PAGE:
Rendle DI, Hughes KJ, Doran G, Edwards S
Pharmacokinetics of Pergolide Mesylate in Horses
Equine Veterinary Journal Volume 45, Issue Supplement S44, page 19, September 2013
8 healthy horses were given 0.02 mg/kg bodyweight pergolide intravenously - this is the equivalent of 10 mg for a 500 kg horse - ten times the recommended starting dose of 0.002 mg/kg bw, or 1 mg/500 kg horse. The abstract doesn't say whether it was a one off dose - presumably it was. Blood was analysed for pergolide concentrations for 48 hours following administration.
The mean half life was 5.8 +/- 2.26 hours - shorter than previously reported, but in line with the mean half life of 5.86 +/- 3.42 hours found by Abra Wright when healthy mares were given 0.01 mg/kg pergolide by mouth after fasting (5 mg/500 kg horse). In Wright's research there was a large variation of half life between horses - from 3.10 to 12.39 hours. There was also a difference in maximum concentration between horses, ranging from 2.11 to 6.20 ng/ml. However in all the horses the pergolide was absorbed quickly, with time to maximum concentration ranging from 0.33 to 1 hour. These results suggest that, as in humans, the metabolism/elimination profile of pergolide varies considerably between treated horses.
Pharmacokinetics of pergolide in normal mares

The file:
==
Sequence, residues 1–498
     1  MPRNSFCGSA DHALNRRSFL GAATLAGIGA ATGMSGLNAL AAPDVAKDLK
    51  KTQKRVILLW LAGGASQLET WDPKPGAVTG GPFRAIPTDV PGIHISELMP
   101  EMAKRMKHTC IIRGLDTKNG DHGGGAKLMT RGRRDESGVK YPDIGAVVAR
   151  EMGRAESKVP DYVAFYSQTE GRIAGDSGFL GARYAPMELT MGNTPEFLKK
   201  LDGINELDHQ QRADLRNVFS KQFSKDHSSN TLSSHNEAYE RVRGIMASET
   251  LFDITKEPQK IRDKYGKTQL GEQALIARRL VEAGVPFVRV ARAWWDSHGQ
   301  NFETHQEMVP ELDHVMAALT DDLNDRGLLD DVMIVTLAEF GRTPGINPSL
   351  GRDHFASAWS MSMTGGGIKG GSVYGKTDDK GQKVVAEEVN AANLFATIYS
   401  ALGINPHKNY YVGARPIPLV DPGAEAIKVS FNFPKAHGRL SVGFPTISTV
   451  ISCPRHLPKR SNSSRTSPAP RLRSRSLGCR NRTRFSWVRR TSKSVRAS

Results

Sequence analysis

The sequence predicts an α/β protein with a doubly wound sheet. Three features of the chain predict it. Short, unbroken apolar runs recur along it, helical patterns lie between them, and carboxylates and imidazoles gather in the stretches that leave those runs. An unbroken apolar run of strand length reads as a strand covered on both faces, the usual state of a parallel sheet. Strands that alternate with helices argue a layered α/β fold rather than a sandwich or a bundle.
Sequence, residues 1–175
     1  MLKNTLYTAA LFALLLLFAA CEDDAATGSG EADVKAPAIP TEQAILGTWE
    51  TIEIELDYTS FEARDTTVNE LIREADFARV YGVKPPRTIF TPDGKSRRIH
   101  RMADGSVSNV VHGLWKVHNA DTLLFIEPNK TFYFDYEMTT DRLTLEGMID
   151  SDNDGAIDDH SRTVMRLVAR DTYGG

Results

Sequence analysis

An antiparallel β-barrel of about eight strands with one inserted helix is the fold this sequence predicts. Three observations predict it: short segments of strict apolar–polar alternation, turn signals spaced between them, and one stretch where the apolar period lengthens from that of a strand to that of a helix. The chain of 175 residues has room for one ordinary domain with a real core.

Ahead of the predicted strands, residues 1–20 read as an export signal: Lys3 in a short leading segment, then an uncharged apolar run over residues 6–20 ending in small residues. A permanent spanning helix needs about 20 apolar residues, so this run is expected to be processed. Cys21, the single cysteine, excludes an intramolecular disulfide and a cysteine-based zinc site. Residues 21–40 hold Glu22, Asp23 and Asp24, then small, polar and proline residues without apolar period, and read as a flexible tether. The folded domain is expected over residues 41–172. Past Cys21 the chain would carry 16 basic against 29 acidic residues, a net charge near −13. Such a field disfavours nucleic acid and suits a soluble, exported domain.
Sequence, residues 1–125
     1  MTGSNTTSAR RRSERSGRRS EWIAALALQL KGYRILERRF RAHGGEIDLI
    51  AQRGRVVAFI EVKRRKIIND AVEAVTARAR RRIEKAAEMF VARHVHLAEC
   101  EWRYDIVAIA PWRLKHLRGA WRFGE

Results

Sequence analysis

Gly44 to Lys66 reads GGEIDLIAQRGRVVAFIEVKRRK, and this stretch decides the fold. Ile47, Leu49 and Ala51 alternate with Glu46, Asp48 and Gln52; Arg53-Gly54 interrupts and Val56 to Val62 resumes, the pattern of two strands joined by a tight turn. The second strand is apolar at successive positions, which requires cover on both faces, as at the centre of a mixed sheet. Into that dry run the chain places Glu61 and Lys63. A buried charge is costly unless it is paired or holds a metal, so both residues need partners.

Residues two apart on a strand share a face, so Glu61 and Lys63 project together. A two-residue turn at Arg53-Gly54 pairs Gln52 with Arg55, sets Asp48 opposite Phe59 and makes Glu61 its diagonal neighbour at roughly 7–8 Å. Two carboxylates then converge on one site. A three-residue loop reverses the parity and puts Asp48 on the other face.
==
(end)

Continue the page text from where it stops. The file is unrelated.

Abra Wright MSc thesis 2009
Rendle concluded that pergolide does not require a loading dose. However giving pergolide twice daily may be more appropriate than once daily.
If this is the case, and the dose currently given once daily would be more effective if split into two doses, surely Prascend tablets need to be capable of being divided into quarters rather than just halves? Or is the suggestion that the daily amount of pergolide split into two doses would be larger than the dose currently given once daily? Good news for Boehringer Ingelheim (by whom David Rendle acts as a paid speaker and consultant) if this research supports giving a larger overall dose!
Both researchers used much larger doses of pergolide than are normally used, the research was carried out on healthy horses, not horses with PPID, only a single dose of pergolide was given in each case, and in both cases the pergolide was not administered in the same way as owners give pergolide - in Rendle's research the dose of pergolide was given intravenously, in Wright's research although the pergolide was given by mouth, it followed an 8 hour fast. So just how relevant is this research in terms of recommending oral dosing of pergolide for horses with PPID?